“After teaching the world to type on tiny buttons,” writes Ian Austen, “BlackBerry could soon be leaving the business of making phones – leaving fewer options for a vocal minority still committed to phones with its once popular physical keyboard.”
“Once popular” says it all. A device once called the “Crackberry” because it was deemed so addictive is now the red-headed stepchild of the smartphone market. It was the BlackBerry that gave rise to the experience of “phantom vibrations,” in which users waiting for the telltale vibration of an incoming call or message sometimes thought they felt the signal when no message had arrived. But the iPhone and other devices eventually ate the BlackBerry. The new phones offered new options, new apps and slicker connectivity. BlackBerry just couldn’t seem to keep pace.
BlackBerry’s sales are down (in 2012, BlackBerry maker Research in Motion experienced a whopping 40 percent drop from the previous years’ sales). Tech columnists now write gleeful columns about the problems facing the ailing company, once the giant of the mobile connectivity game. To add insult to injury, Britain’s The Times newspaper just announced that it was yanking its BlackBerry app because, well, nobody cares.
“BlackBerry recently announced a fiscal second-quarter loss of nearly $1 billion,” writes Charles Cooper. “The company’s revenue fell 45 percent to $1.57 billion during the period.” Unable to resist the shot, Cooper pointed out that the New York Times ditched its own BlackBerry app a year ago last summer. The bad news, however, runs much deeper than that.
According to David Friend of the Canadian Press, in addition to its financial losses, BlackBerry faces daunting costs in trying to “rework” its operations – costs that could be more than four times what the company estimated it would spend. “Those expenses will cover costs associated with the previously announced layoffs of 4,500 employees,” writes Friend, “the reworking of its smartphone lineup and other changes to its manufacturing, sales and marketing operations. … Earlier this year, BlackBerry said it would likely book $100 million in charges through its fiscal 2014 year, as it cut back staff and reduced other costs. … Last week, the company booked a U.S.$965 million loss for the second quarter and announced the massive layoff that will extend into next year.”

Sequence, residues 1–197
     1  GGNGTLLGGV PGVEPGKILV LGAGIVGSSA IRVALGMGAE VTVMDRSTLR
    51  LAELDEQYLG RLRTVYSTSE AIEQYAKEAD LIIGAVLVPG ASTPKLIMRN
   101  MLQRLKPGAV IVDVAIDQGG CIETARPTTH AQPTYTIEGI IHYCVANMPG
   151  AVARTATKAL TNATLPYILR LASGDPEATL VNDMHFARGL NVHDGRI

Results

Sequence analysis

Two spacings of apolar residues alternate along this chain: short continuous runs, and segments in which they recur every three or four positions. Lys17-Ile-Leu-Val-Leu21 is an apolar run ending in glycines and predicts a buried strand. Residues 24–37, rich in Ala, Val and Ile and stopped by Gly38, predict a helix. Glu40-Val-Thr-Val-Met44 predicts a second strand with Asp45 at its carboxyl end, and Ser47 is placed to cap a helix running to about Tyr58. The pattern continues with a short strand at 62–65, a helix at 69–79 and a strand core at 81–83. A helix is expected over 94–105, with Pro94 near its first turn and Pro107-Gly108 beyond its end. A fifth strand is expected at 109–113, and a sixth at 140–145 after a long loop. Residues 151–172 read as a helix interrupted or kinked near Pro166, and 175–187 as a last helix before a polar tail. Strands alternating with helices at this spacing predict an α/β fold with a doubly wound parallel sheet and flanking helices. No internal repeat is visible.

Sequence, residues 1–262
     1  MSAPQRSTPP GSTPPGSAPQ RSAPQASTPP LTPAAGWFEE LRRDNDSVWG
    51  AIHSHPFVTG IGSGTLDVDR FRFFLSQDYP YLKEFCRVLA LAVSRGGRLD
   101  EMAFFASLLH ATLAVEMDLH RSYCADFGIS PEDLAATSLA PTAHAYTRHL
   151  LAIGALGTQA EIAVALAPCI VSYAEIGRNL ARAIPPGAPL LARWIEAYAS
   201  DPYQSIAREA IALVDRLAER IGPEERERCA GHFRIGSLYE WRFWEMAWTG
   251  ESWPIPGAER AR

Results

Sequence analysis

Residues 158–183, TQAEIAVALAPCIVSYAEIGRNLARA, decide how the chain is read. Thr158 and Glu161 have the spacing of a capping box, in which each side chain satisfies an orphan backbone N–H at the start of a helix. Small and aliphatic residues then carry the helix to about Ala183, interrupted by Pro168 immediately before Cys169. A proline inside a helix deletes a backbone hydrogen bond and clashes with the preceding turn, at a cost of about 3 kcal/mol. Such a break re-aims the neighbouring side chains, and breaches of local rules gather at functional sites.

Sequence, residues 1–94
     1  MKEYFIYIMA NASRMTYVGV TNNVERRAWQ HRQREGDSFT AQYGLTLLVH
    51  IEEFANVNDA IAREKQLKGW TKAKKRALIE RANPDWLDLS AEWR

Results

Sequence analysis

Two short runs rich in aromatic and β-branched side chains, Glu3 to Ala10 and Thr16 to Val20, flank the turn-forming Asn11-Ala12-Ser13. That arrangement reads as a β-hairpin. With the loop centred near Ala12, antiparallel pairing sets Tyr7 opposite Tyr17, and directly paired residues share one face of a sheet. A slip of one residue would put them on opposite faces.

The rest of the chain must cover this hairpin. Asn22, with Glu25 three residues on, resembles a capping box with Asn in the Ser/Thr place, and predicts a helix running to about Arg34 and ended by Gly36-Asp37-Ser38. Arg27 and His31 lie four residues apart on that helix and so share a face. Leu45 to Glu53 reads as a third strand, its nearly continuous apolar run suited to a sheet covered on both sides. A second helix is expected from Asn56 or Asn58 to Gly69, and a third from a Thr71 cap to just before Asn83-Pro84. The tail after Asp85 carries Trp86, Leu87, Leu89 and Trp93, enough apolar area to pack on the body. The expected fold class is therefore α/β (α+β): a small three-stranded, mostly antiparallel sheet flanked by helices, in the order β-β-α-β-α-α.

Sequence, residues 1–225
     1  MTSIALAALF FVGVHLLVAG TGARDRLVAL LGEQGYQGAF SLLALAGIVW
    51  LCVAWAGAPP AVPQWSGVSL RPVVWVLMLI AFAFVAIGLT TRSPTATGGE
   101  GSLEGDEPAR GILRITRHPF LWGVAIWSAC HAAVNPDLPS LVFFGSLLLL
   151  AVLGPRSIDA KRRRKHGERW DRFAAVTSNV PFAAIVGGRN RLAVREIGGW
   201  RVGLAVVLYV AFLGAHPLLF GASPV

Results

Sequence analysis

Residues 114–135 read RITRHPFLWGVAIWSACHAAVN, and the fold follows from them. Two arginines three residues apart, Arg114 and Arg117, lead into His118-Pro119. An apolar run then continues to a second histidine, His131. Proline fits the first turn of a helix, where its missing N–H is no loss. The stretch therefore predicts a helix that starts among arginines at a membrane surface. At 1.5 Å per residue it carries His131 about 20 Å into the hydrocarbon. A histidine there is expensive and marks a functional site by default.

If you developed BlackBerry thumb when BlackBerries were popular, you may still experience pain even if you’ve switched platforms since then. For you, there is hope. Many who suffer from tendonitis will tell you that if you simply lay off the activity that is causing the problem, the pain will eventually subside. You can also employ a stylus, popular among users of tablet computers and e-readers like the Kindle Fire. This is a “pen” with a rubber nub on one end that can be substituted for the finger. Stop texting with your thumbs and instead pick commands and letters with the stylus. Your painful thumb problem probably will subside, given time and rest. In other words, yes, you can recover from BlackBerry thumb.
Sadly, for Research in Motion, there may be no recovery from BlackBerry itself.